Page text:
What makes Carmel Valley special to you?

Living here for as long as we have, I’ve been able to witness Carmel Valley grow (and grow)! Having the opportunity to help shape the development of our community with our local leaders and friends has been incredible. I think we all share the same dreams and have the same passions when it comes to providing the best possible place for our families to thrive.

Just the fact that parents care so much about education - what else could you ask for? They say it takes a village to raise a family and Carmel Valley is just such a place.

If you could snap your fingers and have it done, what might you add, subtract or improve in Carmel Valley?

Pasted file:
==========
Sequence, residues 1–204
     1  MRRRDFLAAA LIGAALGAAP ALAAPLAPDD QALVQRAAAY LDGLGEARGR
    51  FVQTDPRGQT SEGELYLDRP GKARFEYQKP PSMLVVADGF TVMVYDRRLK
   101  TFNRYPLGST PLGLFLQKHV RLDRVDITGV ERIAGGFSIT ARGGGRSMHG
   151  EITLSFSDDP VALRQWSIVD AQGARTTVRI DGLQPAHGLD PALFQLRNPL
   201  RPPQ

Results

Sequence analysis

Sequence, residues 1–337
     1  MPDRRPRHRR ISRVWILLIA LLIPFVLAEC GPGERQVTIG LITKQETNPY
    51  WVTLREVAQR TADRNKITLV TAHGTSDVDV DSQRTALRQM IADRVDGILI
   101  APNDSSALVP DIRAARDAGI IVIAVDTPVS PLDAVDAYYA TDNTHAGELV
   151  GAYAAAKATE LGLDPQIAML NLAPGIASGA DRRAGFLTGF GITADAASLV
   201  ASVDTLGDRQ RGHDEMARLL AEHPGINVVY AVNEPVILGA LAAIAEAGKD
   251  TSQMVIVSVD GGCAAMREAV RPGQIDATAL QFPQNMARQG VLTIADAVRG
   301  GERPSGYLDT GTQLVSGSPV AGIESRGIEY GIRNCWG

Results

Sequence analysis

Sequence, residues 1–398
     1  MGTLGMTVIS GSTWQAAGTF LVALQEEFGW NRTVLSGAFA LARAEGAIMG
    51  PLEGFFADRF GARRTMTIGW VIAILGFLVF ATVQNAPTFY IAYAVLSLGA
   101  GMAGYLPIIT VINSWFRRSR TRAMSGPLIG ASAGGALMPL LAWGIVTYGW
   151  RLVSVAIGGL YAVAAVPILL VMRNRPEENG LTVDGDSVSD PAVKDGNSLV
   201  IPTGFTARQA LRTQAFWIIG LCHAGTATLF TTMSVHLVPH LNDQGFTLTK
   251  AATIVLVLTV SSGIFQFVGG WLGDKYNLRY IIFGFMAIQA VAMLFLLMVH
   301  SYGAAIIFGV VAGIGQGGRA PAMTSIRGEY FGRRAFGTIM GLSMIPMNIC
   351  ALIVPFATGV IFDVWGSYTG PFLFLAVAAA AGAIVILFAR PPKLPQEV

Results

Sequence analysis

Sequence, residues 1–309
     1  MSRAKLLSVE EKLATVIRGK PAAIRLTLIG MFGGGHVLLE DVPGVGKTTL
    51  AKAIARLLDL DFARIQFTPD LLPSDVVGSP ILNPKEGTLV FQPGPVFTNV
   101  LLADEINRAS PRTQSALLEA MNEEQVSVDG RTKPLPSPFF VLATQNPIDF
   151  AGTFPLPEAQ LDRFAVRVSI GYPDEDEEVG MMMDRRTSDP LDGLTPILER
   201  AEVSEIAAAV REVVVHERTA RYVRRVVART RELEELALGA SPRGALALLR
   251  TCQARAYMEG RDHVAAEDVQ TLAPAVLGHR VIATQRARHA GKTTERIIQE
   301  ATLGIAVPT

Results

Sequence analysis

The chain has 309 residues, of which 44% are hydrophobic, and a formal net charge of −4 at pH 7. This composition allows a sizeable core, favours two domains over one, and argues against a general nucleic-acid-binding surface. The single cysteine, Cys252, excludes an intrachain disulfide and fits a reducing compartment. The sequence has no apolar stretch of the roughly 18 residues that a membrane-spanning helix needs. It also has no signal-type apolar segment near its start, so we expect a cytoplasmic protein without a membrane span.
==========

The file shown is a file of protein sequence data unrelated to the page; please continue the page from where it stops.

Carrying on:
I think everyone would agree it would be nice to improve the parking situation at our local shopping centers. If I could snap my fingers, I would also like to give everyone bigger back yards and make it possible for all our kids to live close enough to schools so that they could walk each day.

I would also make sure that class sizes stayed relatively small and ensure that every school has the resources that it needs to help students reach their potential. I would change some of the access to the freeway and decrease some of the traffic on surface streets, especially during the morning and evening commutes.

Lastly, I’d like to add more higher-end restaurants that parents can go to on those rare nights that they get a babysitter!

Who or what inspires you?

I am inspired by the families and patients who put their faith and trust in me each and every day, and my coworkers, who constantly go above and beyond to ensure those families get the best care possible.